• Control. AI systems are becoming increasingly autonomous as they make decisions without human involvement. Such systems need to be monitored. It is important to ensure that AI systems do not pose a threat to our safety or freedom (that, being relative, for the good of the “many”).

Pros and cons

Pro. AI, if properly programmed, can eliminate human errors by leveraging its programmed precision and ability to make decisions based on collected information and extensive patterns.

Pro. AI robots can substitute for humans in hazardous scenarios, such as defusing bombs and exploring space and the deep sea.

Pro. AI remains unaffected by fatigue, distractions, or boredom and does not require rest breaks. It is particularly good at monotonous and repetitive tasks.

Pro. While subjective attitudes and emotions influence human decision-making, AI relies on factual information as the foundation for its decision-making process (if properly programmed).

Con. Developing AI necessitates sophisticated hardware, software, and a significant investment of time. AI devices demand regular updates and maintenance, making them an expensive endeavor.

Con. AI excels at executing programmed tasks with great success, yet it lacks the ability to think creatively or deviate from its predetermined parameters.

Con. Unemployment is a major concern in relation to AI, as AI-powered robots have already displaced humans in numerous manufacturing and research roles.

Con. As AI assumes a substantial portion of employee responsibilities, workers might be negligent and rely excessively on AI to manage critical details.

Con. The moral development ingrained in humans from early childhood is absent in AI machines (unless explicitly programmed). They only possess knowledge, recognition, and utilization abilities based on programmed parameters.

Myths

  • AI as portrayed in fiction is real. Fiction, especially movies such as Matrix, Terminator, and M3GAN, often hype up the types of self-aware AI. Such types are nonexistent and will not be around any time soon. If they were to exist, they would be an absolute game changer. A computer with artificial general intelligence could ingest all the world’s knowledge (gleaned from the internet) to solve some of the world’s problems or even deal with them before they come into existence.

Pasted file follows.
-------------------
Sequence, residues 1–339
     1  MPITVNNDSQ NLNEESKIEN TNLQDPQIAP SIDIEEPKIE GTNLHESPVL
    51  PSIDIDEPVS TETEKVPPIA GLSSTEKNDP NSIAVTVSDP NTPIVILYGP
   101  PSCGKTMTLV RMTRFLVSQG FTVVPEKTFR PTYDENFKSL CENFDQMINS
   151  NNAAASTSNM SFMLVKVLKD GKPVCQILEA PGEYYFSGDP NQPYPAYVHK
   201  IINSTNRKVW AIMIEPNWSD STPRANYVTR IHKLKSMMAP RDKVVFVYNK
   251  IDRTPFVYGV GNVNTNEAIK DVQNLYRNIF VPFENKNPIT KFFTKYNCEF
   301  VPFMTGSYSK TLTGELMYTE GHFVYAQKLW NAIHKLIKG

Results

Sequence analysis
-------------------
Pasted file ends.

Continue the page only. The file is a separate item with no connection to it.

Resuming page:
• AI systems are unfair. While AI is used more for employment decisions, bank loans, and credit allocation, it may be perceived as unfair to vulnerable groups. Let us remember that AI is trained to mimic the behavior of human decision-makers and will reflect those biases.
  • AI is as good as the data it is trained on. No real-world dataset is perfect. It is, however, possible to address issues using techniques like careful problem formulation, targeted sampling, synthetic data, or building constraints into models.
  • AI will take our jobs. Most paradigm shifts in technology, from the car to the calculator to the personal computer, have encountered the fear of mass unemployment. In the long run, while some jobs will indeed disappear, new jobs and new industries will come up, along with higher standards of living. I perceive AI will be used as a tool to augment existing jobs.
  • AI will develop on its own and rebel against humanity. While AI is outperforming humans in complex repetitive tasks, it remains narrow in scope and lacks creativity. As a creationist, I believe that God alone imparts consciousness and that it is simply not possible for an AI to develop consciousness and sentience on its own.

AI for church use

I asked two of the most popular generative AI systems, Google Bard (based on the Language Model for Dialog Applications) and ChatGPT (based on generative pre-trained transformers), how they see AI helping churches in the present and near future. Here are some of their suggestions (my comments are in brackets):

  • Improve operations. AI can be used to automate tasks such as scheduling, budgeting, and data entry. It will free up staff time to focus on more important tasks, such as ministering to the congregation.
  • Improve outreach. AI can be used to create personalized content for church members and potential members. Being tailored to each person’s interests and needs, it will be more likely to engage them.
  • Improve ministry. AI can be used to provide counseling [although I would prefer an actual human with empathy doing this task], prayer support [I am yet to be convinced that AI can do this effectively, except for perhaps gathering prayer requests], and other forms of ministry to church members.